I usually go to a kaskrut (tea time: a meal of desserts and various breads and sugary tea) at someone’s house in the afternoon. Sometimes there are five different cakes. Sometimes it turns into a dance party. Sometimes the hostess is a friend of a neighbor, someone I’ve never met before. Sometimes my neighbor won’t introduce me, but the hostess will insist on me eating multiple rounds of every single baked good for hours before even asking who the heck the random, confused American is in her house.
If it isn’t kaskrut, I almost always have some other enlightening foodie experience. I spent a morning washing barley and spreading it out to dry on the sunny roof. An afternoon smashing olives with a rock to make oil. An evening ripping fish heads off their bodies, gutting them and stuffing them back up with a spicy tomato and parsley paste. I’ve made melowee (a delicious bread with oil and butter spread between each flaky layer). I’ve learned to always say “bismallah” (in the name of God) before adding each new ingredient and how to chop an onion like Moroccan women. (They can mince an entire onion in 15 seconds! I’m getting there). I’ve eaten fry-stuffed sandwiches on top of a mountain (because all Moroccan sandwiches are stuffed with fries) and countless sunflower seeds while on post-lunchtime walks with the neighborhood ladies.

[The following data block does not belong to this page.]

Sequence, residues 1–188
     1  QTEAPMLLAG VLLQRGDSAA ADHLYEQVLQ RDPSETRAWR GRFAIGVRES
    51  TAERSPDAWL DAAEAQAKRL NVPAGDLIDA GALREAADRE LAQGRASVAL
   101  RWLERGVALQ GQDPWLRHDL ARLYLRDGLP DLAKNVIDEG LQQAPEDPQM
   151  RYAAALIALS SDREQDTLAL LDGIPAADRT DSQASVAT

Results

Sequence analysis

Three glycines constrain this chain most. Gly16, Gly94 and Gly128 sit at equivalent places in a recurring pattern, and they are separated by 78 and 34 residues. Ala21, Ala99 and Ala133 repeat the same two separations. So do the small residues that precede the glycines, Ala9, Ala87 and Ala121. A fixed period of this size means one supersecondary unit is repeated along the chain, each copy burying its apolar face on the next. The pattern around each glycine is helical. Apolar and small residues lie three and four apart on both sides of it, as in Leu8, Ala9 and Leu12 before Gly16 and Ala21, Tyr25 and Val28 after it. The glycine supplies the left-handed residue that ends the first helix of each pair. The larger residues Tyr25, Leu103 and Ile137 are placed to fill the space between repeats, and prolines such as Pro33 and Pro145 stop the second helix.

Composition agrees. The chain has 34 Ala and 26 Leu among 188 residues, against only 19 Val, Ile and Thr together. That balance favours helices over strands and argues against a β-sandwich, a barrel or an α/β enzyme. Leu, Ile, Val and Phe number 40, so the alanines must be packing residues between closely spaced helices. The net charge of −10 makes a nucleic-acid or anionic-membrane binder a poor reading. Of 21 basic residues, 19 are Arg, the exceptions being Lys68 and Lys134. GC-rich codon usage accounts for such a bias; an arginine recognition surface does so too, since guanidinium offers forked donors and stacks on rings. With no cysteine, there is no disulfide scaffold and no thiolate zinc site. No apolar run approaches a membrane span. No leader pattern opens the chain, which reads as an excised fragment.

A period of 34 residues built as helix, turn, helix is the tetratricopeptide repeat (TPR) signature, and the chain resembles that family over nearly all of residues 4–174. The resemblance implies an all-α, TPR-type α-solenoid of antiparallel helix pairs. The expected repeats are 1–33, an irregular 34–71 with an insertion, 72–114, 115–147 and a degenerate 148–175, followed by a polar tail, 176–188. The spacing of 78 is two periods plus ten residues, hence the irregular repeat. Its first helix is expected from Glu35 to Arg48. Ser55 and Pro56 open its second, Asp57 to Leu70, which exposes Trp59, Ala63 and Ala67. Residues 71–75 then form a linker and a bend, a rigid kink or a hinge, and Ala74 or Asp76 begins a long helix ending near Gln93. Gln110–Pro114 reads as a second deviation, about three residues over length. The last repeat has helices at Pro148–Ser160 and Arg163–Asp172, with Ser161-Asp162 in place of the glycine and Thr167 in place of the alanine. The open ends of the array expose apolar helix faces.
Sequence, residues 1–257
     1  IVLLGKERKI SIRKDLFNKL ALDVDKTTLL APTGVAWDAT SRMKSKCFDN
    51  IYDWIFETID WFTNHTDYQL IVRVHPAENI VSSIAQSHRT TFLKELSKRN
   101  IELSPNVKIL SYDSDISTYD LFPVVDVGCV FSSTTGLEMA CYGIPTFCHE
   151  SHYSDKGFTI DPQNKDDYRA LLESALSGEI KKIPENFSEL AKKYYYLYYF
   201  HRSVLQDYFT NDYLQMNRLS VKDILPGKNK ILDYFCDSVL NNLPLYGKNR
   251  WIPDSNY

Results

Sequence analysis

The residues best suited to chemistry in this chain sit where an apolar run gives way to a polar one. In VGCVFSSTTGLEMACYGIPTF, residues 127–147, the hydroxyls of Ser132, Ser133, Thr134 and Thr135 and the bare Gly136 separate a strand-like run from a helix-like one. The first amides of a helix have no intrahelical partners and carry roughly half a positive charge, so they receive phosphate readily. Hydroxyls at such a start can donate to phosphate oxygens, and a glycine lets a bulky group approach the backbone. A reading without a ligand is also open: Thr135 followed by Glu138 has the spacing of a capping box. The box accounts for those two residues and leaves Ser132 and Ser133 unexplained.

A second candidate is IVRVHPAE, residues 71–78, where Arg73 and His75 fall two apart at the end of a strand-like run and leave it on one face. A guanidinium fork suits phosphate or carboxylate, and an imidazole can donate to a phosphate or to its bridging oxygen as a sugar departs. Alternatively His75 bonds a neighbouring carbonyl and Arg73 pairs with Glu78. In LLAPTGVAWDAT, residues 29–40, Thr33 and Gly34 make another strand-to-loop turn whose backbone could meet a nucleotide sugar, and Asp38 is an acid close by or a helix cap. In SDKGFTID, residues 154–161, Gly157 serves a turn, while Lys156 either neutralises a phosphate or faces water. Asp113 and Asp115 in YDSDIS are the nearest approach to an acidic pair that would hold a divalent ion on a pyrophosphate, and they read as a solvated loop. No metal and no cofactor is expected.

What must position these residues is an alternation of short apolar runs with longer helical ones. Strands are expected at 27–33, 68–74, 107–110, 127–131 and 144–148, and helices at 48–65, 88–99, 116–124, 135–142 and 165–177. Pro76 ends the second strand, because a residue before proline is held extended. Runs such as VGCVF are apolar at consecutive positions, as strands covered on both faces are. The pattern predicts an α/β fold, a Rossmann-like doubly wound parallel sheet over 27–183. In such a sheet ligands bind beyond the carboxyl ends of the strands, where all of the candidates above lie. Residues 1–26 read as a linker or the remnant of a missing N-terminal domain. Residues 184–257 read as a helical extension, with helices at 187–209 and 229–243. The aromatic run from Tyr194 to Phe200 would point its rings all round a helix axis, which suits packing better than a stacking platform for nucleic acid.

Each day, I’m guaranteed to experience some random act of hospitality. People are constantly welcoming me to Morocco and into their homes “marhababik, marhababik, marhababik” (welcome, welcome, welcome). My neighbor and closest friend Radia calls every morning to make sure I’m not at home alone. “Aji, Jacline, aji” (come, Jacline, come). We usually hang out in her kitchen and prepare food, and she quizzes me about every single spice and different type of pot. She’ll tell me long elaborate stories and then ask “wash femtini?” (do you understand me?). If I have some sort of idea, I’ll say I understand, which is always followed by the dreaded, “wakha, gulli shnu fhmti.” (okay, tell me what you understand). I’m almost always wrong, but she continues to explain until I finally get it. I aspire to have patience and persistence like hers. The new neighborhood joke is that Radia talks unnaturally slow now because she’s spent way too much time chatting with me.
Every night ends with me telling my family, “sme7li, ana 3ammra b Darija” (I’m sorry, I’m full of Darija) because I’m stuffed to the brim with new words and phrases and sounds. By the end, I can’t comprehend anything. Nothing else fits.
All I can hope is that each day I become a little less clueless about the world around me here in Ourtzagh. To embrace how vulnerable I am. To acknowledge what a special experience it is that people I’ve just met are supporting me through this vulnerability and awkwardness. To know that the loneliness and times of low self-esteem come in waves, and they always pass. To remember that each day is full of surprises. I’ve found myself saying “shukran 3la mughamra” (thank you for the adventure) a lot lately and although I can’t even pronounce “mughamra” with confidence, I know there’s beauty in the fact that I’m trying to say it at all.
Shukran 3la mughamra, Ourtazagh.